The ecclesiastical/communal organization of Brăila’s Lipovans is also inadequately known. It seems that relatively early, probably in 1835, they had built a wooden church in the city centre, on a lot donated by Sava Ivanof Rucasinicov, an eminent and prosperous member of the community. Some decades later, in 1880, this church was replaced by a much more imposing stone building (Holy Protection of the Theotokos/Acoperământul Maicii Domnului).[viii] Moreover, in 1895, a philanthropic association was founded, under the auspices of the community, with the aim of supporting its poor members, promoting religious books and the publishing of a monthly journal titled Slavo Pravda (Cuvântul Adevarului/Word of Truth). The publication of the latter was suspended in 1899, after the intervention of the Russian consul, who considered the dissemination of information concerning the persecution, in the Tsarist Empire, of the Old-Believers offending.[ix]

Schooling in the Lipovans’ mother tongue, Russian, never developed, since Lipovans were Wallachian/Romanian subjects and the vast majority of their offspring were enrolled in state schools. It is noteworthy, nevertheless, that in the first decade of the 20th century, probably since 1904, at the nearby village of Pisc, efforts were undertaken to teach the Russian language and fundamental elements of the Old--Believer religion in the state primary school.[x] The Lipovans’s popular culture, in particular poetry, was varied and rich, while a flowering of written culture took place in the second half of the 20th century.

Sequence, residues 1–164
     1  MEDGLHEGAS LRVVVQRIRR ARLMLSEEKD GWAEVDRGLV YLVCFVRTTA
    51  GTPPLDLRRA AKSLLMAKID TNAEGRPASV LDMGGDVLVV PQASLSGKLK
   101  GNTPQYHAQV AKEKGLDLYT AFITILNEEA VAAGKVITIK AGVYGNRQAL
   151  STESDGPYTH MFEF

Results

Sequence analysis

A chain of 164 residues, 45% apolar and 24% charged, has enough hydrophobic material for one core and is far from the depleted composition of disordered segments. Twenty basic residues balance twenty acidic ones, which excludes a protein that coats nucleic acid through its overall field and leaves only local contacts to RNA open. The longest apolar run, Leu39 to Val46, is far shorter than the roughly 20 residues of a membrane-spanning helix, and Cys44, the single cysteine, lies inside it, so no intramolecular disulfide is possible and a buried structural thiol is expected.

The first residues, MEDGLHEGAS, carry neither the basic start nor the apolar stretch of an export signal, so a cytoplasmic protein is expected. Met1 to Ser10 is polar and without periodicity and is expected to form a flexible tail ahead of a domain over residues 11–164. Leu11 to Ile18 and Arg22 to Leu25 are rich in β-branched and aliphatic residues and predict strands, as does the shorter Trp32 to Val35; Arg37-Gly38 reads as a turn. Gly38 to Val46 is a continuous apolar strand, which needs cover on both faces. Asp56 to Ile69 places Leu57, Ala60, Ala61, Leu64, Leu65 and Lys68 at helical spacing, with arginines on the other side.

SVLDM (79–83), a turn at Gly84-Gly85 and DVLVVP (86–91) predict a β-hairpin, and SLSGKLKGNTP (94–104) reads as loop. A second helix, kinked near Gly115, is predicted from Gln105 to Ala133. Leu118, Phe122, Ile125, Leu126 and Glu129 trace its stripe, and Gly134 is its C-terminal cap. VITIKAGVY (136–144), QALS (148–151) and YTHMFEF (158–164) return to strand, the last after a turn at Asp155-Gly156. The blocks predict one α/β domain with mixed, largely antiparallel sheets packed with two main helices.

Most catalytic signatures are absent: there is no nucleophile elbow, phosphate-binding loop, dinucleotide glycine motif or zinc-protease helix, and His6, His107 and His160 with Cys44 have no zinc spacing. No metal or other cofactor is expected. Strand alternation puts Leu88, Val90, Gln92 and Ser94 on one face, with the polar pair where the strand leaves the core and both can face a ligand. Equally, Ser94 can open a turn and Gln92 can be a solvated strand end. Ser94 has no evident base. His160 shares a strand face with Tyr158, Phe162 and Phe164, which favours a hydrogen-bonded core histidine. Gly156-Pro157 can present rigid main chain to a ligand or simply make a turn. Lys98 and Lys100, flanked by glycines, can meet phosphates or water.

[i]The bibliography on the Old-Believers in general is very rich. See amongst many Robert O. Crummey, The Old Believers & the world of Antichrist: the Vyg community & the Russian State 1694-1855, (Madison: University of Wisconsin Press, 1970). For a general view on the Lipovans of Romania see Pavel Tudose, Rușii lipoveni din România - istorie și actualitate, (Bucureşti: Editura CRLR, 2015).

[ii]Andrei Antipov, “Monografia lipovenilor (staro-obreadjilor) din oraşul şi județul Brăila”, Analele Brăilei, I:1 (1929), 21; Constantin C. Giurescu, Istoricul oraşului Brăila din cele mai vechi timpuri până astăzi, (Bucureşti: Editura ştiinţifică, 1968, second edition, Brăila: Editura Istros, 2002), 163-164; Maria Stoica, Brăila. Memoria oraşului-Imaginea unui oraş românesc din secolul al XIX-lea, (Brăila: Muzeul Brăilei-Editura Istros, 2009), 218.

[iii]Data according to Spiridon Cristocea, Oraşul Brăila în catagrafia din anul 1838, (Brăila: Muzeul Brăilei-Editura Istros, 2012).

[iv]Anale Statistice pentru cunoştinţa partei Muntene din România, 1:II (1860), 98-99.